Instead of making the reader feel terrible about his own body, Summersalt focuses on the fun adventures I’m about to have in this swimsuit.
Seriously…take my money.
6. Use of the passive voice versus the active voice
This is a personal pet peeve.
Once you learn to recognize the passive voice, I promise it will drive you bananas, too.
Active Voice is direct, actionable, lively, and clear.
The passive voice … is not.
In the passive voice, the subject of the sentence acts through the verb.
This is an example:
Active Voice: Professionals appreciate Basecamp’s simplicity.
Passive Voice: Basecamp’s simplicity is appreciated by professionals.
Did you understand that? Prefer another one:
Active Voice: You can find a new partner today.
Passive Voice: A new partner can be found today.
grammatical premium It’s great for capturing passive audio and is available as a browser plug-in.
Hemingway app Free if you don’t mind dropping your copy into a browser-based tool.
7. Overthinking or underthinking SEO
Focusing too much on optimizing your copy for search can make it choppy, confusing, and unnatural to read.
However, not thinking about how people will find your content at all can be just as damaging.
If the copy you write is destined to be published anywhere, you want people to be able to discover it via search. It can only benefit you to improve your existing on-page SEO best practices and incorporate them into your work.
But don’t go overboard.
Google is smarter than it ever was. You don’t have to use all the words in your keyword list in the right places just to rank.
Focus on the quality of your writing and being relevant instead.
Casper does a fairly good job of its product pages.
This copywriter has worked a lot of related keywords — down, pillow, cool, night, down, machine washable, softness.
These are all closely related concepts that tell Google what this page is about.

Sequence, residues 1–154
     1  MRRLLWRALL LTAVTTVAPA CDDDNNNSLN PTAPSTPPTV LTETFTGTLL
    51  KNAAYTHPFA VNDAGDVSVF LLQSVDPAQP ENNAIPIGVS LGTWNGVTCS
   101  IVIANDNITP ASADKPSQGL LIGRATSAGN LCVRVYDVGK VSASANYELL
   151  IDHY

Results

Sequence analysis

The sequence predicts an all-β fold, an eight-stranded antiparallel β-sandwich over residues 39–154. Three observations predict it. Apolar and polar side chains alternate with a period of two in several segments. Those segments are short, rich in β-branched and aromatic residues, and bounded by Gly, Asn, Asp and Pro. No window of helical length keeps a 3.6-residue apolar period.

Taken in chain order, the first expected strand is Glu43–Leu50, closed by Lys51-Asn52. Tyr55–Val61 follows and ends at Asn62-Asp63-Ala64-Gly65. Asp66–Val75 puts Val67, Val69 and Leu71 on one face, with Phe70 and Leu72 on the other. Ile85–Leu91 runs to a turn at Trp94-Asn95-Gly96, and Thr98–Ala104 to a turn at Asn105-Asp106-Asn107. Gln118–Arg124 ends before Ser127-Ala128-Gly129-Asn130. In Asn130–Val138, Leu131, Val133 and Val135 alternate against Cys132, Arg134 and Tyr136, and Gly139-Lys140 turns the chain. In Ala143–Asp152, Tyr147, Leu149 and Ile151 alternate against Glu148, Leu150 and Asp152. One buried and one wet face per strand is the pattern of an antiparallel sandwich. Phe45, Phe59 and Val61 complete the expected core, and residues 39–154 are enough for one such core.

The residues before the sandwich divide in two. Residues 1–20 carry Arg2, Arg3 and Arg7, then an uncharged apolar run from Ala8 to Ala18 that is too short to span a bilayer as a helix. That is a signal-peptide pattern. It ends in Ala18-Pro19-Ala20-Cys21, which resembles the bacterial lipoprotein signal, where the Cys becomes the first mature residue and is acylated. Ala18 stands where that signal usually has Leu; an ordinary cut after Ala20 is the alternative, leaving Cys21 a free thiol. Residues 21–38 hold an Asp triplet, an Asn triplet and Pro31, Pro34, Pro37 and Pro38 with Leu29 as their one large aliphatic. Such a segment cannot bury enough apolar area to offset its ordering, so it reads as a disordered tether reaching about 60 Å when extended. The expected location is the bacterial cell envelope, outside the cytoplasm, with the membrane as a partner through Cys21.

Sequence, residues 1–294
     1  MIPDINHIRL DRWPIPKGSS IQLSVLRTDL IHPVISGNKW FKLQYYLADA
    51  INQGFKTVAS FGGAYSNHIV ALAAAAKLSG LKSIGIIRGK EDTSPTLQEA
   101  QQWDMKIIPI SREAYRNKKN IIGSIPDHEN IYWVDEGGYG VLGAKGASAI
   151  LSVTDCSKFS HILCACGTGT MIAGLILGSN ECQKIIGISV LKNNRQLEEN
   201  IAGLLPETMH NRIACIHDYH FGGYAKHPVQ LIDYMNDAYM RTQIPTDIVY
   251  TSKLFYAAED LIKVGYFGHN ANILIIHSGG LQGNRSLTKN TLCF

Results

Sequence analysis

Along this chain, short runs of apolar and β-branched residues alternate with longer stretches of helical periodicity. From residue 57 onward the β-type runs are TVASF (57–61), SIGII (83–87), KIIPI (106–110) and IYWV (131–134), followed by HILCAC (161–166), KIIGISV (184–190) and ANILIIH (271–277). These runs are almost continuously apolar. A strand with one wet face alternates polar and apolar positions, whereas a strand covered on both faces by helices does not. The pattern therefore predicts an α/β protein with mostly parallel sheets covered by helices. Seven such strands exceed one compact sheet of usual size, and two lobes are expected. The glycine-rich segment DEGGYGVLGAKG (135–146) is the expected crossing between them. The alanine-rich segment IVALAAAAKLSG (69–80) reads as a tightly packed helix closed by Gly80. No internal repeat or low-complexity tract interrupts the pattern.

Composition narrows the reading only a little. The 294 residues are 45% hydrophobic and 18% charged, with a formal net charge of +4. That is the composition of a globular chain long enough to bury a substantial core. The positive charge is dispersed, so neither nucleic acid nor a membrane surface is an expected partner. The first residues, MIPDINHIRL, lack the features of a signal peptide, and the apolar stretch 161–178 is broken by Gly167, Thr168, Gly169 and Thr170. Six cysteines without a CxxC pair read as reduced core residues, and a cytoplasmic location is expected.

However, they are woven into a convincing copy rather than serving as a stumbling block in logical sentences.
Be thoughtful about how you use keywords. Be like Casper.
8. Going absolutely crazy with thickeners
Capacitors are used to strengthen and emphasize adverbs.
It is a great tool when used in moderation.
However, overuse of capacitors can make your writing very difficult to read and highly hyperbolic in nature.
See what I did there? Seems a bit hard to say it will be Extremely It’s hard to read. Is it really redundant? extreme?
“Very” is an intensifier that tends to creep into transcription a lot. Other common offenders include:
- Is that true.
- in full.
- And therefore.
Monitor your capacitors and challenge your use of each one.
9. Use jargon, slang and other obscure languages
Marketer and Minnesotan Angie Schtmüller Once he challenged me to use the word “cattywampus” in writing a marathon story. I vowed, and I had to understand that word.
Otherwise, I wouldn’t have a clue what American slang meant if it appeared in a piece of content.
I don’t expect many Americans to follow if I suddenly drop a token or a piece of bread or the dog’s dinner here either.
Slang are colloquial and vernacular phrases that add color and personality to a piece of writing. This is great if you are writing a novel or short story about people in a particular area.
Not much into writing commercials.
Idioms are similarly confusing statements that, if taken literally, suggest to the reader that some strange things are going on:
- It’s raining heavily.
- Don’t wait until the chicken has teeth to start.
- It’s time to bite the bullet.
- Don’t bend out of shape.
- It’s not mustard after lunch yet.
- Some brands have a lot of noise and no nuts.
These are common in smaller pockets of the world.
But for the vast majority of readers, they lead to confusion.
10. Forget about the CTA
Don’t leave me hanging… Tell me where we’re going next!
Each piece of copy needs at least one call to action to give the reader the easiest possible path to the next required step.
Not always making the sale either. You might try to get them to download a lead generator, sign up for an email list, or read other, more focused content.
Some pages contain multiple calls to action. Wherever you identify the logical next step for your audience, give them a choice.
Not everything has to be “buy now” and “click here” either. Get creative with your CTAs.
I like what Baileys is doing here:
And that’s it! No annoying secrets here – just good habits to develop as you make them a part of your editing routine to eliminate these common copywriting mistakes.
Your readers and conversion rates will thank you.